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News Archives: Index

October 7, 2010: Probation Set For Industrial Action

October 5, 2010: Turning Prisoners Into Taxpayers

October 4, 2010: Murder Changes Now In Force

September 20, 2010: Probation Programmes Face Cuts

August 24, 2010: Victorian Poor Law Records Online

August 10, 2010: Justice Job Cuts

July 28, 2010: Prison Violence Growing

July 22, 2010: Police Numbers: Latest Figures

July 22, 2010: New Jurisdiction Rules

July 16, 2010: CCJS On Prison And Probation Spending Under Labour

July 15, 2010: Latest Statistics On Violent And Sexual Crime

July 15, 2010: Latest National Crime Figures

July 15, 2010: New Chief Prisons Inspector

July 14, 2010: Hard Times Ahead For Prisons: Anne Owers

July 14, 2010: Prison Does Not Work: Ken Clarke

July 13, 2010: Criminal Justice Reform: Sentencing and Rehabilitation

July 13, 2010: Criminal Justice Reform Priorities

July 12, 2010: What Price Public Protection, Asks Probation Chief Inspector

July 12, 2010: NOMS has failed, says Napo

July 10, 2010: IPCC To Investigate Death of Raoul Moat

July 9, 2010: Women In Prison: New Report

July 9, 2009: Unjust Deserts: Imprisonment for Public Protection

July 8, 2010: Police Search Powers Change

July 7, 2010: Make 'Legal High' Illegal, Says ACMD

July 2, 2010: Failing Children In Prison

July 2, 2010: Police Buried Under a Blizzard of Guidance: HMIC

July 1, 2010: Freedom To Change The Law?

June 30, 2010: A New Outlook On Penal Reform?

June 30, 2010: Revolving Door Of Offending Must Stop, Says Clarke

June 30, 2010: Ken Clarke: Speech on Criminal Justice Reform

June 29, 2010: No More Police Targets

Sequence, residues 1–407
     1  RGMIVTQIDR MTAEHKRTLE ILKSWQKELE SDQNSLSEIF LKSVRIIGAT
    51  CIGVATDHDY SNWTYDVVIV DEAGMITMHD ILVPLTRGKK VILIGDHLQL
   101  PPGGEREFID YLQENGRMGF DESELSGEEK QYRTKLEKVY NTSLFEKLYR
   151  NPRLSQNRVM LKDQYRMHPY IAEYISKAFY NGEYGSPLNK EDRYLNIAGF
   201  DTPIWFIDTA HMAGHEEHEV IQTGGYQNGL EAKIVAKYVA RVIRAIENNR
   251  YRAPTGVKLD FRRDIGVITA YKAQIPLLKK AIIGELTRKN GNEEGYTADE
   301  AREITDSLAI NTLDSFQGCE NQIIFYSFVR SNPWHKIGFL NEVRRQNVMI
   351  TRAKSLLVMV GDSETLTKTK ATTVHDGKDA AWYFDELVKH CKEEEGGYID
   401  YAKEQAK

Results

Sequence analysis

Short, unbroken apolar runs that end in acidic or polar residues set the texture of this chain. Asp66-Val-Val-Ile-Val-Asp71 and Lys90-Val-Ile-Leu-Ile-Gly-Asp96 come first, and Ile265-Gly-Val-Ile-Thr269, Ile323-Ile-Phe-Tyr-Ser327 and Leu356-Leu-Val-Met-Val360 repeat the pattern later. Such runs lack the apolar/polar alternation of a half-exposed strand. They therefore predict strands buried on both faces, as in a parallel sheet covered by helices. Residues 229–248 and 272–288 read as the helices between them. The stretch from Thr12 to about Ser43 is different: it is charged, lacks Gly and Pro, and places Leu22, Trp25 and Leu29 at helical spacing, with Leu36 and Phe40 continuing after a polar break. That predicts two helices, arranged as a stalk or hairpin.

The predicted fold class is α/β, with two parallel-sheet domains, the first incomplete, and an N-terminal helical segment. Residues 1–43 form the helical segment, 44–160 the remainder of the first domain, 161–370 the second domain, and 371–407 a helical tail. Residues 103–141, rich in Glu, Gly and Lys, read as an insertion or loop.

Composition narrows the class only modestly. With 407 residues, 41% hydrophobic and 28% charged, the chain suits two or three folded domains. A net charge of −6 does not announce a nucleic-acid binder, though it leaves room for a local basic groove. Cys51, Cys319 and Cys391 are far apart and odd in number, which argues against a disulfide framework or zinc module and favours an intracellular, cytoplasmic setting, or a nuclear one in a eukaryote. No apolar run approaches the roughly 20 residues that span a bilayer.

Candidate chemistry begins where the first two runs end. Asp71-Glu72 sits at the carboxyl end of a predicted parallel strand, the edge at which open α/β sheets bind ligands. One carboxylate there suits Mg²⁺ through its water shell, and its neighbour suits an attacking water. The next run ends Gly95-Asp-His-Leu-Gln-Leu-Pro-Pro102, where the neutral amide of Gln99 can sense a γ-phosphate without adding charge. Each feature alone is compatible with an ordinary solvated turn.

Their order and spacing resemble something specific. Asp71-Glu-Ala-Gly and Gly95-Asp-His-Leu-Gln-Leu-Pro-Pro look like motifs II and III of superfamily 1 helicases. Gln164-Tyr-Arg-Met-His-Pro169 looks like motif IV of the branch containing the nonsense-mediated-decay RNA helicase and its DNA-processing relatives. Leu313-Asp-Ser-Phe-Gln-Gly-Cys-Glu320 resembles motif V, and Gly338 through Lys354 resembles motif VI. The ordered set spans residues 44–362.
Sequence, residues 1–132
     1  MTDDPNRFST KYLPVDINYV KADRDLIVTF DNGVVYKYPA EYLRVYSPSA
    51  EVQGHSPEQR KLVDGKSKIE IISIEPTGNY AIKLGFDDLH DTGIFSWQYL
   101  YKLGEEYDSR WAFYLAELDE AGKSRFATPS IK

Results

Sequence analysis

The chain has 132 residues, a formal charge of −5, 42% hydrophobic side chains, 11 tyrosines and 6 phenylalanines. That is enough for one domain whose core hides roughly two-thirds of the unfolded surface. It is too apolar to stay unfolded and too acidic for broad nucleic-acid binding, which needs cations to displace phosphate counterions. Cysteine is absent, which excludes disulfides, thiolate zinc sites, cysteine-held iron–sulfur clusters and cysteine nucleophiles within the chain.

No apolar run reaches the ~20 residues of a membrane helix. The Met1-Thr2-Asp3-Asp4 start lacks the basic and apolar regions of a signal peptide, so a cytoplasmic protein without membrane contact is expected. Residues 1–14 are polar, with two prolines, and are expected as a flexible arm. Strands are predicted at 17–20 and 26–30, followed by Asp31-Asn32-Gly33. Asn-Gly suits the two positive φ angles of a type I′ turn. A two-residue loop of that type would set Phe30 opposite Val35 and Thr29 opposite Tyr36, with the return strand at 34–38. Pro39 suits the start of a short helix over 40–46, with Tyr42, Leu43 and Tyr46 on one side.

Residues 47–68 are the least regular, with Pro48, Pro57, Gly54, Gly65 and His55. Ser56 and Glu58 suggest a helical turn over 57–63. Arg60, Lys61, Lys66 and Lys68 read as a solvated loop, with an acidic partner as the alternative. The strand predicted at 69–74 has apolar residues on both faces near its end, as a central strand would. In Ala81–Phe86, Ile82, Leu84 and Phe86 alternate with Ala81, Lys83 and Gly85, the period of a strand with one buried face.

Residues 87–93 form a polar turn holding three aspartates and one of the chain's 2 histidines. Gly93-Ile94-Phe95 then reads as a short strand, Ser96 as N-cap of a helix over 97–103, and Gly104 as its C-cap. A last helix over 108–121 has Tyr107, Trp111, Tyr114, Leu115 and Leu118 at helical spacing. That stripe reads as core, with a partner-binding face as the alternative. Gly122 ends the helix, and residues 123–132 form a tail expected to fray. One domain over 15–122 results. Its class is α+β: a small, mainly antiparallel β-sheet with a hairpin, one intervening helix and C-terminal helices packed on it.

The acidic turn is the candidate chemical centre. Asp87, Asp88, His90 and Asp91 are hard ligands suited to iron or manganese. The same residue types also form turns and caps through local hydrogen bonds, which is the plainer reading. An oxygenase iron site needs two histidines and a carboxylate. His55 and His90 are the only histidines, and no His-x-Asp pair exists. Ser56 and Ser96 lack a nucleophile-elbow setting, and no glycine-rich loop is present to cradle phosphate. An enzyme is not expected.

June 26, 2010: Family Intervention Projects Questioned

June 25, 2010: Cutting Criminal Justice

June 24, 2010: Napo on Sex Offenders Report

June 23, 2010: Closing Courts: The Cuts Begin

June 23, 2010: Strategy To Tackle Gangs

June 15, 2010: Courts and Mentally Disordered Offenders

June 8, 2010: Working With Muslims in Prison

June 1, 2010: Your Chance To Nominate a QC

May 12, 2004: Probation Protest

1200 staff from throughout England and Wales lobbied against plans to merge the probation and prison services into the new National Offenders Management Service (NOMS). The rally reflected widespread concern amongst probation staff about the transition to NOMS, due to commence on June 1, 2004.

The rally was organised by Napo, the trade union representing over 7500 probation and family court staff. Napo believes that NOMS will mean greater bureaucracy and confusion. According to a Napo statement:

“The Probation Service was last reorganised in April, 2001, is chronically underfunded and understaffed and does not need yet another reorganisation. Staff also feel they are being cajoled into accepting the changes with the threat of contestability or privatisation if they do not meet arbitrarily set targets.”

Napo general secretary Judy McKnight told the rally:

"Today our fight is not just about seeking to preserve our standards and ethos and values, and yes, all those issues are at risk again, but it is also much more. It is about the opposing destruction of the service in its entirety, by splitting it in two, and casting it out to the wolves of the private sector."

Speakers from the three major political parties who opposed the planned merger included Labour MP Bob Marshall-Andrews. He argued that offenders were best dealt with via rehabilitation rather than punishment and prison. If NOMS moved away from this principle, it represented a “ghastly Orwellian idea."

The Home Office plans to introduce “contestability” by 2009 and allow private organisations and voluntary agencies to compete with the public sector, The Home Office perspective suggests that developing a market will enable value for money for the taxpayer and reduced offending, and ensure that the service can benefit from private sector input.

Napo sees the move to allow this as effectively introducing  privatisation, and inherently problematic in that public protection may be compromised by private firms cutting corners. Members of Parliament were urged by Napo to sign an early day motion which endorses the work of the Probation and Prison Services and urges that these be properly funded to allow them to carry out all their statutory duties free of the threat of contestability. According to a Napo press release:

"The Probation Service was last reorganised in April 2001, is chronically underfunded and understaffed and does not need yet another reorganisation."